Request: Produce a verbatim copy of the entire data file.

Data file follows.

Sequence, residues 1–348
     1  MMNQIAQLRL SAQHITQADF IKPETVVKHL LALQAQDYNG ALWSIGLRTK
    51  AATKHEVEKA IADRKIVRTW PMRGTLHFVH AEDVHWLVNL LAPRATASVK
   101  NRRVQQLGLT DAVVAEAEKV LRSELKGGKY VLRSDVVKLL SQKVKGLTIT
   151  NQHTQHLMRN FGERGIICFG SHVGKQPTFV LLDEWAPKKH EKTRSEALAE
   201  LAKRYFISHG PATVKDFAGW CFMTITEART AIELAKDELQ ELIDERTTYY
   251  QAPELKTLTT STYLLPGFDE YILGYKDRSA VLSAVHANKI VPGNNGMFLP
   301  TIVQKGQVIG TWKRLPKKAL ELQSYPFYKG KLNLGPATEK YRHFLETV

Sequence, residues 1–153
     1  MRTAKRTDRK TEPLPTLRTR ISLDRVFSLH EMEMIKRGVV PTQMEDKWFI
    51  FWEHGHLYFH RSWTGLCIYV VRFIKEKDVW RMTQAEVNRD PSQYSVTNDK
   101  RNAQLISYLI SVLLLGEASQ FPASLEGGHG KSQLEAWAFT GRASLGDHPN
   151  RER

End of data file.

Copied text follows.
Sequence, residues 1–348
     1  MMNQIAQLRL SAQHITQADF IKPETVVKHL LALQAQDYNG ALWSIGLRTK
    51  AATKHEVEKA IADRKIVRTW PMRGTLHFVH AEDVHWLVNL LAPRATASVK
   101  NRRVQQLGLT DAVVAEAEKV LRSELKGGKY VLRSDVVKLL SQKVKGLTIT
   151  NQHTQHLMRN FGERGIICFG SHVGKQPTFV LLDEWAPKKH EKTRSEALAE
   201  LAKRYFISHG PATVKDFAGW CFMTITEART AIELAKDELQ ELIDERTTYY
   251  QAPELKTLTT STYLLPGFDE YILGYKDRSA VLSAVHANKI VPGNNGMFLP
   301  TIVQKGQVIG TWKRLPKKAL ELQSYPFYKG KLNLGPATEK YRHFLETV

Sequence, residues 1–153
     1  MRTAKRTDRK TEPLPTLRTR ISLDRVFSLH EMEMIKRGVV PTQMEDKWFI
    51  FWEHGHLYFH RSWTGLCIYV VRFIKEKDVW RMTQAEVNRD PSQYSVTNDK
   101  RNAQLISYLI SVLLLGEASQ FPASLEGGHG KSQLEAWAFT GRASLGDHPN
   151  RER